Historic New England’s Artifact Collections
With more than 110,000 objects, Historic New England has the most comprehensive and best documented collection of New England decorative arts and household furnishings in the country. These collections, which date from the mid-seventeenth to the twenty-first centuries, include the whole range of goods needed for day-to-day life, from furniture and clothing to cooking and heating equipment.
In addition to paintings, furniture, and decorative items, Historic New England’s collections include the more ephemeral types of objects rarely found in museum displays: smoking and writing paraphernalia, artists' supplies, servants' furnishings and clothing, and a whole range of kitchen equipment from eighteenth-century iron kettles to 1970s microwaves.
Visit Collections Access to explore Historic New England's online artifact collection.
Many of Historic New England’s collections survive intact in the houses for which they were originally purchased. All too often, re-created period rooms in museums are based on written or pictorial evidence which cannot convey the distinctive imprint of the original owner. The survival of furnishings in their original context constitutes Historic New England's most valuable asset.
For example, the Sayward-Wheeler House in York Harbor, Maine, is thought to contain the most intact furnishings from the eighteenth-century of any historic house in the country.
The Rundlet-May House, in Portsmouth, New Hampshire, still has the original wallpaper that was installed in 1807-08 when the house was built, along with many of the original furnishings.
Walter Gropius’s home in Lincoln, Massachusetts retains many of the iconic furnishings brought from Germany and is considered one of the finest examples of Bauhaus design anywhere.
Since its founding in 1910, Historic New England has collected artifacts along with their accompanying family narratives, photographs, and records of use or manufacture. Thanks to this rich documentation, the objects resonate with meaning. Many of Historic New England’s collections provide entry points into history, recounting tales of childhood and family, describing lives of poverty and affluence, and telling stories of slaves and slave traders, entrepreneurs and ne’er-do-wells, mariners and artists, conservatives and radicals, of men and women, old and young.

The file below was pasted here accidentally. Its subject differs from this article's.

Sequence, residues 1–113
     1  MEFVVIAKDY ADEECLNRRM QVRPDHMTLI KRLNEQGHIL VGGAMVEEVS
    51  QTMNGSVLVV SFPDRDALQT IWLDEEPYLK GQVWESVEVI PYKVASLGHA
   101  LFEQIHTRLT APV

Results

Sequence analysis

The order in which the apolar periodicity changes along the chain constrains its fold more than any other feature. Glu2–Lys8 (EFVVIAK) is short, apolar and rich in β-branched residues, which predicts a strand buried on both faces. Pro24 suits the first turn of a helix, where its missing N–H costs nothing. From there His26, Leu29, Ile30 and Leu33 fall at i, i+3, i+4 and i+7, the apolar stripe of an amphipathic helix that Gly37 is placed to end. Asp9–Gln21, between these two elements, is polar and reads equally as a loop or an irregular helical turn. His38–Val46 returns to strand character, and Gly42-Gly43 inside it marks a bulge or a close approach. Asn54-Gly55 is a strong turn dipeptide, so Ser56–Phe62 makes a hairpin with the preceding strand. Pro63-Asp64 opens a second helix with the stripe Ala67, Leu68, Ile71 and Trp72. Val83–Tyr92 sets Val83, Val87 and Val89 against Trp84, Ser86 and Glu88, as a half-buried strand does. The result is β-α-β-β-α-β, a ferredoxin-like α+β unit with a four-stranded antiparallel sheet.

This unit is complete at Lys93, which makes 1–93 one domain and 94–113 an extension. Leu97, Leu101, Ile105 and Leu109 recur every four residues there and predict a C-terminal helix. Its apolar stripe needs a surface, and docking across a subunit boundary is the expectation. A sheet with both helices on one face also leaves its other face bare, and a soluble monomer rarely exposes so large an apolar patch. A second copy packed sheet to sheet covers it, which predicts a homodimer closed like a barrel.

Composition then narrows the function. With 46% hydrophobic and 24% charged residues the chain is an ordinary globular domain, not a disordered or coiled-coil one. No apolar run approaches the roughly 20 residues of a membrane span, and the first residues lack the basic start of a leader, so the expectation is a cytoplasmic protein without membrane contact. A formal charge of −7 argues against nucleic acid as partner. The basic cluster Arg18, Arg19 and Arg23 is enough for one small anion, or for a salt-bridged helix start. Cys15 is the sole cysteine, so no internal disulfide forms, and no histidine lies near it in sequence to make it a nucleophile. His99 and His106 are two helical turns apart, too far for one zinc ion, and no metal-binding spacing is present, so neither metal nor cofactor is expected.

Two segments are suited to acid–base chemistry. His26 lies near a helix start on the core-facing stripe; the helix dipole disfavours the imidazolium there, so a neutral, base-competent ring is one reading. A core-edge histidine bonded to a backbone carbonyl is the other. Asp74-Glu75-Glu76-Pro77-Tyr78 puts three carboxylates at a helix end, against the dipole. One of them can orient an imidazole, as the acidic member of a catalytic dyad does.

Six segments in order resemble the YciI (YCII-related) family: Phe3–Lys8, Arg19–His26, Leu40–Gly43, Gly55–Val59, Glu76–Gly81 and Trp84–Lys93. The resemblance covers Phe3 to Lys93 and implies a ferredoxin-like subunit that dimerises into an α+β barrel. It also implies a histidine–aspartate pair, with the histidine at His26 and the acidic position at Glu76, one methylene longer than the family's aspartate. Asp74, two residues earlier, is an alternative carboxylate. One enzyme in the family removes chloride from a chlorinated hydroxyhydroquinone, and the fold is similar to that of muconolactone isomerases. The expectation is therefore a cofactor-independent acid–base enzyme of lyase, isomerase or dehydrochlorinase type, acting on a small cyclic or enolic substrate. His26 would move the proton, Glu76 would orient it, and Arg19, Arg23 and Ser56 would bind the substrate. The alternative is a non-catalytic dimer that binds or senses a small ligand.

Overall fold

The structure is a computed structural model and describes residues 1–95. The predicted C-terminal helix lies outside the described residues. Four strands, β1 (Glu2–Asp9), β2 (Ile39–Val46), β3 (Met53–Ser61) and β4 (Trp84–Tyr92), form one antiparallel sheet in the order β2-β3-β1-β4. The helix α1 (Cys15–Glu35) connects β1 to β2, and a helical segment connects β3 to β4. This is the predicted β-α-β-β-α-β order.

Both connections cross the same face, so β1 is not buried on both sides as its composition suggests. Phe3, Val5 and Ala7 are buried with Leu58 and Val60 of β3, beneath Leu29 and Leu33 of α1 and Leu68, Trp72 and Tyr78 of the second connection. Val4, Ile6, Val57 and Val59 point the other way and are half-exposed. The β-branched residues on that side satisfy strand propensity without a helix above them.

Crispus Attucks teapot
This gnarly old teapot, surely the humblest object in the exhibition, probably would not have been saved at all had it not belonged to Crispus Attucks, a slave who was the first victim of the so-called Boston Massacre of 1770. That it survived is testimony to the early recognition of its value as an emblem of martyrdom in the cause of freedom. In Boston, Massachusetts, in the 1850s, relics like this were placed on display to rally support for the Abolitionist Movement.
Portrait of Isaac Manchester
Isaac Manchester of Bristol, Rhode Island, made a fortune in the slave trade, bringing molasses from the West Indies to New England to be made into rum, shipping rum to Africa to be traded for slaves, and transporting slaves to the West Indies for sale. In this portrait, Cephas Thompson captures the harsh character required of a slave ship captain. After a federal law prohibited American participation in the trade, a depression hit towns like Bristol that were heavily invested in it; ultimately, Isaac Manchester was ruined and died in poverty.
John Sheldon six board chest
In 1704, this chest served as a silent witness to the bloody slaughter that took place in Deerfield, Massachusetts, leaving three-fifths of the town’s residents dead or captive. Marked with initials and the date 1699, it probably belonged to John Sheldon of Deerfield. During the night of February 28, French and Indian soldiers attacked the frontier settlement, killing fifty-six English men, women and children, taking 109 captives, and burning half the town. John Sheldon’s wife and one of their children were killed. Three of his other children and his daughter-in-law were taken captive. Sheldon survived, as did his son, who had run fourteen miles to the village of Hatfield seeking reinforcements.
Saturday Evening Girls pottery
These ceramics are products of a remarkable experiment in social engineering, carried out by and for women. The Paul Revere Pottery grew out of a literary club for Italian and Jewish immigrant girls in Boston’s North End. The club provided cultural and intellectual stimulation for the young women, while the pottery taught them marketable skills and enabled them to earn a living. At a time when fewer than fifty percent of the children of immigrants even attended high school, seventy percent of these girls graduated from high school, and more than fifty percent took at least some college-level and professional courses.